Ebola: Getting to Zero
03-03-2015 PRESS RELEASE
IFRC Secretary General: Let’s walk the extra mile to zero cases of Ebola while preparing for recovery
Brussels/Geneva, 3 March 2015 – Speaking at a high level conference on Ebola in Brussels, the Secretary General of the International Federation of Red Cross and Red Crescent Societies (IFRC), Elhadj As Sy, urges the international community to maintain its strong momentum for the response.
"The Ebola outbreak is not over and complacency, both at local and global levels would be one of our worst enemies,” says Mr Sy. "Complacency would lead to unnecessary deaths and preventable tragedies.”
The latest figures show that transmission continues to spread in certain areas of the affected countries, particularly in Sierra Leone. It is especially worrisome that cases continue to arise from unknown chains of transmission, making control extremely difficult.
"We cannot simply treat our way out of this outbreak,” says Mr Sy. "Now is the time for vigilance and continued engagement with communities, educating people about how they can protect themselves against Ebola, monitoring and tracing contacts of patients, treating the sick, and fighting stigma and discrimination. This is how we can get to zero cases of Ebola, and this is where the Red Cross Red Crescent can make a real difference.”
Red Cross volunteers were in the affected communities before the outbreak began, and they will be there in the months and years to come. Some of them continue to face acts of violence by communities which are expressing their misunderstanding and fears through blame and attacks.
Photo: a Red Cross psychosocial assistance volunteer prepares the community for a survivor's return by explaining that they have been cured and is no longer contagious. Sierra Leone, 2015, IFRC.
"We need to ensure that our volunteers are able to do their work safely,” says Mr Sy. "We must support them as they continue to build trust with communities if we are going to stop Ebola. We will always be on the side of communities to heal, reconcile, protect, contain the outbreak, and recover.”
Mr Sy stresses that, although it is time to begin thinking about the long-term recovery process, we must not forget the response is not yet over.
"We cannot speak about recovery without continuing to maintain a high level of response capacity in West Africa,” says Mr Sy.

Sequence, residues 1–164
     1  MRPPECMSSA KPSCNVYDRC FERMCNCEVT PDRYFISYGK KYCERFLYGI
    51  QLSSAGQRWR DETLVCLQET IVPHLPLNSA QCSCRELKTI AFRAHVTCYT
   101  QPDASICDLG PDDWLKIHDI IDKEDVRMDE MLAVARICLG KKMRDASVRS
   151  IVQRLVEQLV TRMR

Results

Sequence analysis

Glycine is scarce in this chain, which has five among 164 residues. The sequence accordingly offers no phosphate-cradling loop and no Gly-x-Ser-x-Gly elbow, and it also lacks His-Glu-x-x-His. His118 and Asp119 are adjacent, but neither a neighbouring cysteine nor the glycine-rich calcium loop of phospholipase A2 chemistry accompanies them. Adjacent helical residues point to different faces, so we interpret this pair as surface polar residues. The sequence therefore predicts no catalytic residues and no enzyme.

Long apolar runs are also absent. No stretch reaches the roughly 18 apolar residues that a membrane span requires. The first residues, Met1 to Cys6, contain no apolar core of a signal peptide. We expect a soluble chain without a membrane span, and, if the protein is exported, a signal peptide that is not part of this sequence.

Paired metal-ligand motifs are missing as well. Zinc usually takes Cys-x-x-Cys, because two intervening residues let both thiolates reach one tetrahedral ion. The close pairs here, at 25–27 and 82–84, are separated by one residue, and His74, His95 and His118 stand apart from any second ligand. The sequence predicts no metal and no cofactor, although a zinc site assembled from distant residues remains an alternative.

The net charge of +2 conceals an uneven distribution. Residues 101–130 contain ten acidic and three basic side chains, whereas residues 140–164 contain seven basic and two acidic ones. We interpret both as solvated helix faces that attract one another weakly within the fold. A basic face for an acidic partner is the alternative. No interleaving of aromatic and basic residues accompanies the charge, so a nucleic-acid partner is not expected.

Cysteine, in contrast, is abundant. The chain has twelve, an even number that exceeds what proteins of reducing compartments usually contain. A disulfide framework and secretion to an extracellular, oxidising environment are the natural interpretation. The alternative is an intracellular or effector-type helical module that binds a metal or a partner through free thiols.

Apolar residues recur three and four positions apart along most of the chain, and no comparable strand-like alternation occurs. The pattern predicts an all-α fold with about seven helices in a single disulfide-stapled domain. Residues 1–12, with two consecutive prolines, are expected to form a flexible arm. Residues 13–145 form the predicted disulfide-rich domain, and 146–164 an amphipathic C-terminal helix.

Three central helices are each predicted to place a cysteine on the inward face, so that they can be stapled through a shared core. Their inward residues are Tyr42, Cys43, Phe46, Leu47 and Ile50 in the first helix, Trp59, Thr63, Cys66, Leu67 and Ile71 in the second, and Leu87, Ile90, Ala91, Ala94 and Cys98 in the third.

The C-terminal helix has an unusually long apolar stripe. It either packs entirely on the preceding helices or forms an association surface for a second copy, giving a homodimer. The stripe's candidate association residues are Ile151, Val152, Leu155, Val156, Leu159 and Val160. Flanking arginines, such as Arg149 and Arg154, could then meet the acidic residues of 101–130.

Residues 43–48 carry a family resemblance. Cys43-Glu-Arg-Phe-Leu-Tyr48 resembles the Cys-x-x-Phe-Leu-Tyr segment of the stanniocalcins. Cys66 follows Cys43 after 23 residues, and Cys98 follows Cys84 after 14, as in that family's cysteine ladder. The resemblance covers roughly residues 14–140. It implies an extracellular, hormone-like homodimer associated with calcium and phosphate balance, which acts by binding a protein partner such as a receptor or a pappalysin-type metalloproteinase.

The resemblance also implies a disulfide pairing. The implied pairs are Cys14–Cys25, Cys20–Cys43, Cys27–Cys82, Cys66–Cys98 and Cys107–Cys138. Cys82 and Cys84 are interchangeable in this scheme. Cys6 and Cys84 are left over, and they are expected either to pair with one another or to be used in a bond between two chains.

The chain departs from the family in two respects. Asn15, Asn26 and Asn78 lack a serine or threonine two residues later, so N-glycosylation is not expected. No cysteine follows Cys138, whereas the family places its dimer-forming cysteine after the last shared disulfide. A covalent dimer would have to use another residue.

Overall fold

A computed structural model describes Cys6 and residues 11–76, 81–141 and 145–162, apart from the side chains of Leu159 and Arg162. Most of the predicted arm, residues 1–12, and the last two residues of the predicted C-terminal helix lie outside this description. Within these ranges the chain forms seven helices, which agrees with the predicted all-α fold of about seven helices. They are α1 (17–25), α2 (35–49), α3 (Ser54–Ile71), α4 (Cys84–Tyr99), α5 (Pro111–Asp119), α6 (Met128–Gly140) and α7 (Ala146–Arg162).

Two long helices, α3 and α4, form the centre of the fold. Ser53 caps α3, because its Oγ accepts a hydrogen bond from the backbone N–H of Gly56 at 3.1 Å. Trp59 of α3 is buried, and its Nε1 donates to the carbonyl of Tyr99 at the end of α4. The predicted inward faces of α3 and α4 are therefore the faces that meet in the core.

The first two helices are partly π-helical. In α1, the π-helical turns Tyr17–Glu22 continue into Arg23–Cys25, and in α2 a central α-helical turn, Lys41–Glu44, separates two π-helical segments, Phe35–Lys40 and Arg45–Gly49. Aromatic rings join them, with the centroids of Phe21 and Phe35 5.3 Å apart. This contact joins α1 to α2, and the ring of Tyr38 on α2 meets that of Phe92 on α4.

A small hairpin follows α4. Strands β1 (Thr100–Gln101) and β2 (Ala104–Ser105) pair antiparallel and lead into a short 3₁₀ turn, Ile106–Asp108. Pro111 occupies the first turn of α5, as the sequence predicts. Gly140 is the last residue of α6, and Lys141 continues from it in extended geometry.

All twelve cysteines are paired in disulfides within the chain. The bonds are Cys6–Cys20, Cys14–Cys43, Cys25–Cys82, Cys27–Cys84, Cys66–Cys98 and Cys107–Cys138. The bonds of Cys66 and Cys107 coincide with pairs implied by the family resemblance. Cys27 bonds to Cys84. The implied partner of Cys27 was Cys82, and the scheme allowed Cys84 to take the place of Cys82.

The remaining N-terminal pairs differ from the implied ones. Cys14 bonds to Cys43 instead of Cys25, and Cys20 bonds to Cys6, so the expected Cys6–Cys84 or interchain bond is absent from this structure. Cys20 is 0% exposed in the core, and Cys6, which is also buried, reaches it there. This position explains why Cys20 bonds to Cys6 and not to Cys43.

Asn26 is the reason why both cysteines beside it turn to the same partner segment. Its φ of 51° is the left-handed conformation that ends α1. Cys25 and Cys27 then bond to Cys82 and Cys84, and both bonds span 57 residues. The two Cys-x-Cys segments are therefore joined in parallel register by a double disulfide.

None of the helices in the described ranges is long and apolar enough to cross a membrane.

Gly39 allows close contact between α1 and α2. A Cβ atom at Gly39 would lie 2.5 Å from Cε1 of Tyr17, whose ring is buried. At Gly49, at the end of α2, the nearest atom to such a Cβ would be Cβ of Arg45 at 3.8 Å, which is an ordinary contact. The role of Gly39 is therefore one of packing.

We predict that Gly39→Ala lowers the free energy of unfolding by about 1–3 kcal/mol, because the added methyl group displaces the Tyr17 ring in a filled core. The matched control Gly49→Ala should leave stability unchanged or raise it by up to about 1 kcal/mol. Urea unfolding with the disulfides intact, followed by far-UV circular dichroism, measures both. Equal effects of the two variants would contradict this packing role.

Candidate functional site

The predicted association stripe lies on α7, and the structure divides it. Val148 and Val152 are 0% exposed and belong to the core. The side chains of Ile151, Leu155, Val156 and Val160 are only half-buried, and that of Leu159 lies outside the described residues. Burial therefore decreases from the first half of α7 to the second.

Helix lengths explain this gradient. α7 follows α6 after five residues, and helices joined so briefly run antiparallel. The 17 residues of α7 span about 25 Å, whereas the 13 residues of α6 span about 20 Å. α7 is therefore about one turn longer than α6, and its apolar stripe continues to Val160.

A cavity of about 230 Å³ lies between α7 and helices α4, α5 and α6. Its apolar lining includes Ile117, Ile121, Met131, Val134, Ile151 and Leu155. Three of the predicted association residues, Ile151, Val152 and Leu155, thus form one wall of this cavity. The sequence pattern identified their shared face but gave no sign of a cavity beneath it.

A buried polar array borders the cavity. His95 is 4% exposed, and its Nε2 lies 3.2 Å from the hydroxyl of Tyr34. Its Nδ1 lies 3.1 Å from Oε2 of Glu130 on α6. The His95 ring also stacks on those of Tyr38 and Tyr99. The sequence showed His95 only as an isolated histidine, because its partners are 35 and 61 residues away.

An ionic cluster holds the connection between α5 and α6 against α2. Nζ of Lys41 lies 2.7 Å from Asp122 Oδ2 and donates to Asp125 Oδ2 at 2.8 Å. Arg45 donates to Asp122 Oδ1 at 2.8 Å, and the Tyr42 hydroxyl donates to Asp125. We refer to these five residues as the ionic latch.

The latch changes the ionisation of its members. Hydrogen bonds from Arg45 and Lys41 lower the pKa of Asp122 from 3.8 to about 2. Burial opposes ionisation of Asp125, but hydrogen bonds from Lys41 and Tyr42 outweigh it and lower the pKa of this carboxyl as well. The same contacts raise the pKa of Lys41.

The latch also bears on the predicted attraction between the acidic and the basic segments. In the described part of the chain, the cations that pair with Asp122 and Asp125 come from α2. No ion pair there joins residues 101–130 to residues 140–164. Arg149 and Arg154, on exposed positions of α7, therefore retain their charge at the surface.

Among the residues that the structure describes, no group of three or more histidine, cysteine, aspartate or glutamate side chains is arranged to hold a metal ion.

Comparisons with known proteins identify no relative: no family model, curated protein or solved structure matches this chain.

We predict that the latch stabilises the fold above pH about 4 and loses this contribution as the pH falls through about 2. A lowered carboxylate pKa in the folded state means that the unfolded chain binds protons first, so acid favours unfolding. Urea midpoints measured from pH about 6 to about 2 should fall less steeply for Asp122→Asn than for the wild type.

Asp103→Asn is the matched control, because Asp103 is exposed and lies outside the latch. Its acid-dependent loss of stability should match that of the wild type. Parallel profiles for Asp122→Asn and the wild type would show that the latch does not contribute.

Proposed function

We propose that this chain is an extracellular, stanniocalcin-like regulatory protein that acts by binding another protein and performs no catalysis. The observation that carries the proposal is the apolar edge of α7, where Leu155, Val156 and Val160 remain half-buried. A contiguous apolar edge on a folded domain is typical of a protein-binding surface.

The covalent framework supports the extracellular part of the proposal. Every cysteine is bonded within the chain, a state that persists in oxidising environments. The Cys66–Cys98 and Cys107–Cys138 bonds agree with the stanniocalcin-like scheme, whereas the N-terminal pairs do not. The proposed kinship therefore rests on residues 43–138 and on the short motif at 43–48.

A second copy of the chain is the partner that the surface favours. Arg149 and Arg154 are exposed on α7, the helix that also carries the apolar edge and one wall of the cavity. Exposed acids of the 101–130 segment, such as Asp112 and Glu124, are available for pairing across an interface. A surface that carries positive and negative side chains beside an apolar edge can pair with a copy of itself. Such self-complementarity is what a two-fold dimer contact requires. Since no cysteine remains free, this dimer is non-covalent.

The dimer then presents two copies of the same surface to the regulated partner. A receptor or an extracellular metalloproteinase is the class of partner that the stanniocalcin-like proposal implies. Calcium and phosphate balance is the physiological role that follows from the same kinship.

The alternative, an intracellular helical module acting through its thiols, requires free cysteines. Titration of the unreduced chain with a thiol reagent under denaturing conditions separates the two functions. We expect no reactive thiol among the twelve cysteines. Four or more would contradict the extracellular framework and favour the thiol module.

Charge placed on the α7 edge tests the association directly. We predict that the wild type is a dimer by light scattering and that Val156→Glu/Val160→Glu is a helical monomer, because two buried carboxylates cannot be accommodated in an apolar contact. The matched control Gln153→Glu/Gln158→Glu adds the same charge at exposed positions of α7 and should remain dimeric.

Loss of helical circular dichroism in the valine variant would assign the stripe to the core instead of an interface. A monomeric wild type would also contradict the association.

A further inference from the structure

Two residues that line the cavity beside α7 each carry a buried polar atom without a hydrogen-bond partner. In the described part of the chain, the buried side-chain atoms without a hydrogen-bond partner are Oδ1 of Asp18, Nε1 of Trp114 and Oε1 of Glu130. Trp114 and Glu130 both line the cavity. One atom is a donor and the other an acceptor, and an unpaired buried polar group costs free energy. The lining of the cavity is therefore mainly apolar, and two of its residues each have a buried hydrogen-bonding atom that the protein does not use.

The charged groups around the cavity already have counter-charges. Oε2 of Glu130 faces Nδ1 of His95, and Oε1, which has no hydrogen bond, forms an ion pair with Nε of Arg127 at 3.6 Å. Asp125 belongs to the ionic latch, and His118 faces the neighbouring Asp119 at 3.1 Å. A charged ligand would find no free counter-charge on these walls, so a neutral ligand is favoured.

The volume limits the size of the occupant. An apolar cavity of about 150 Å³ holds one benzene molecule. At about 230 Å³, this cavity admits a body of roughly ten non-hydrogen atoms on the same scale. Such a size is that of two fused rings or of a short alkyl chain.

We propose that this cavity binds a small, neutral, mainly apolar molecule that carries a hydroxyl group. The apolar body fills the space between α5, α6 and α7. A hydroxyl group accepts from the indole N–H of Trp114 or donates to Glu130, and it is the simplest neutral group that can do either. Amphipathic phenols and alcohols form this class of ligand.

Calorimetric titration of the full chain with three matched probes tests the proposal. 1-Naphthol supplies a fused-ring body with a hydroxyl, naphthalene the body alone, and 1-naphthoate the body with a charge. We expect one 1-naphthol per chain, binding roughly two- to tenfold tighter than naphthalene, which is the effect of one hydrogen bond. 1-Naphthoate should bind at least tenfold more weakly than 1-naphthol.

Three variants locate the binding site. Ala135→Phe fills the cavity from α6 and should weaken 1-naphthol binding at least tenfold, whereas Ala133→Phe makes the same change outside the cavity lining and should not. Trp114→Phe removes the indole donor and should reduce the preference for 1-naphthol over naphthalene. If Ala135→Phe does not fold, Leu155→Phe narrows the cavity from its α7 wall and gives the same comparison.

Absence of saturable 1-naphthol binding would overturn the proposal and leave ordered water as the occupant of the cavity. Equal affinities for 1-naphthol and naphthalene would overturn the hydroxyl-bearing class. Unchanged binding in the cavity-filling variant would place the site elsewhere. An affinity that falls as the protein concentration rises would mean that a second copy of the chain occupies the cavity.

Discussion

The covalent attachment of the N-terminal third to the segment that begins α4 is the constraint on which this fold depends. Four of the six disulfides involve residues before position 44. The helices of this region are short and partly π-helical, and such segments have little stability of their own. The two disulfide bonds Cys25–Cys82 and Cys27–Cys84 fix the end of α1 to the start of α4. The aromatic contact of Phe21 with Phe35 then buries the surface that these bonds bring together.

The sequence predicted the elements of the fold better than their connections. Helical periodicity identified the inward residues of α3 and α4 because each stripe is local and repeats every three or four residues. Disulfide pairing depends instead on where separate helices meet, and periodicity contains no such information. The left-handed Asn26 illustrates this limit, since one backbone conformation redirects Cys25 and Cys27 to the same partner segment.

The high level conference has been jointly organized by the European Union, Guinea, Liberia, Sierra Leone, the Economic Community of West African States (ECOWAS), the African Union, and the United Nations.The aim is to take stock of the current fight against Ebola, coordinate further action for the total eradication of the disease, and discuss the recovery process in the three most affected countries.
IFRC has launched six emergency appeals aiming to assist 39 million people affected by Ebola. To date, 4.2 million people have been reached with social mobilization and beneficiary communication activities, 14,132 bodies have been safely buried, and 909 people have been admitted to Red Cross Ebola treatment centres. Additionally, more than 175,000 people have been reached with psychosocial support activities, and 51,092 contacts have been traced and monitored.
For more information on Red Cross Red Crescent Ebola response activities, visit www.ifrc.org/ebola-crisis.
For interviews, images or more information on the Red Cross Red Crescent Ebola response, contact:
• Nicole Robicheau, Global Ebola Communications Coordinator, IFRC
Mobile: +41 79 124 41 26 E-mail: firstname.lastname@example.org
• Benoit Carpentier, Team Leader, Public Communications, IFRC
Mobile: +41 792 132 413 E-mail: email@example.com
• Eva Oyón, Communications Officer, Red Cross EU Office
Mobile: +32 4844 366 84, E-mail: firstname.lastname@example.org
• Katherine Mueller, Communications Manager, IFRC Africa
Mobile: +251 930 03 3413 E-mail: email@example.com